Cumulative frequency is a running total of the frequencies. This can be represented on a graph by plotting the upper boundary of the groups.
Look at this table:
To create a cumulative frequency table all we need to do is add the frequencies together as we progress down the column.
You can see that there is a total frequency of 20 as this is the number in the last column. While the cumulative frequency column may be harder to interpret, it allows us to construct an effective graphical representation of the data.
This table shows the scores that were obtained by students in an English class:
This table is very similar to the first table but you may have noticed that the class intervals are not the same. The first and last groups cover 20 possible numbers while the central two groups cover only 10 possible outcomes.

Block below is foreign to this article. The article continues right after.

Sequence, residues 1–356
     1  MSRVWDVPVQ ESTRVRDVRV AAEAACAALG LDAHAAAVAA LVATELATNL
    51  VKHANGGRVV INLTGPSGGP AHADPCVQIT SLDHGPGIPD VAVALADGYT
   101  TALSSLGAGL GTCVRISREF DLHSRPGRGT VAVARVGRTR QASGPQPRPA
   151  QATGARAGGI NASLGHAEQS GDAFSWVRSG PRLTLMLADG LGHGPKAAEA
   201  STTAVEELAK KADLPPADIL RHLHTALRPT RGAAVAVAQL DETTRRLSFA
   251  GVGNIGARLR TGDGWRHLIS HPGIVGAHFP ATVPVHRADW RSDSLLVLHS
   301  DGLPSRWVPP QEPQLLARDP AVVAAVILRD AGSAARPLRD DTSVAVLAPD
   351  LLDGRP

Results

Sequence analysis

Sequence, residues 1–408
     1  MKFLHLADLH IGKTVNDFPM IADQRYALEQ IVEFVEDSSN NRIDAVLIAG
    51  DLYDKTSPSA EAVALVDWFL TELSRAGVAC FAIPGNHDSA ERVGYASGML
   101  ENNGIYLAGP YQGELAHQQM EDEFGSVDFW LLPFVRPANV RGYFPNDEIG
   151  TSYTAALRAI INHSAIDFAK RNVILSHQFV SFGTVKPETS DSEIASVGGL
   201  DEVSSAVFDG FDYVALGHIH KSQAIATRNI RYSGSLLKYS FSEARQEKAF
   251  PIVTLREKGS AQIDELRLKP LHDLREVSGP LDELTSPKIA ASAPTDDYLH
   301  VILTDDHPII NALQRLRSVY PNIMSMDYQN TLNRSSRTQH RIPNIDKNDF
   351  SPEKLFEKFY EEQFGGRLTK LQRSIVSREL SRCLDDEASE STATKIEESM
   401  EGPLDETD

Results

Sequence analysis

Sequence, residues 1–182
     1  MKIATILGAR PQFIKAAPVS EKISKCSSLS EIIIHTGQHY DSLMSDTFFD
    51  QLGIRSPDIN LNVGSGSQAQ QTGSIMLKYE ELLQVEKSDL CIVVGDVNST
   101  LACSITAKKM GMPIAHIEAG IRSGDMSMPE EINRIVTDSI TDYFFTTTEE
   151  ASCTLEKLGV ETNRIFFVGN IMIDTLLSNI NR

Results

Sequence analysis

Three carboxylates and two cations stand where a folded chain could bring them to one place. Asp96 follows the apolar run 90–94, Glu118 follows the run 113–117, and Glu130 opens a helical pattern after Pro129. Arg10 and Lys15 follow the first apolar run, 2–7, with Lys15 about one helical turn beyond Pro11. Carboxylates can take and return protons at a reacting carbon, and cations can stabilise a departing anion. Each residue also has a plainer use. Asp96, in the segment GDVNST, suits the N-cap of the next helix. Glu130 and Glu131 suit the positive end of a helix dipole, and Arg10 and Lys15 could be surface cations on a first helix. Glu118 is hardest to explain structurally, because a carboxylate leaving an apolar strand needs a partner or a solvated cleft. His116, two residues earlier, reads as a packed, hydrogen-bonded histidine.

Create a cumulative frequency table for the following information:
This table shows continuous data. Continuous data is data that can have any numerical value such as height or weight. Shoe size and colour would be two examples of discrete data. Data is grouped at the upper class boundary, eg 99.5, 129.5, 139.5 and 200.5.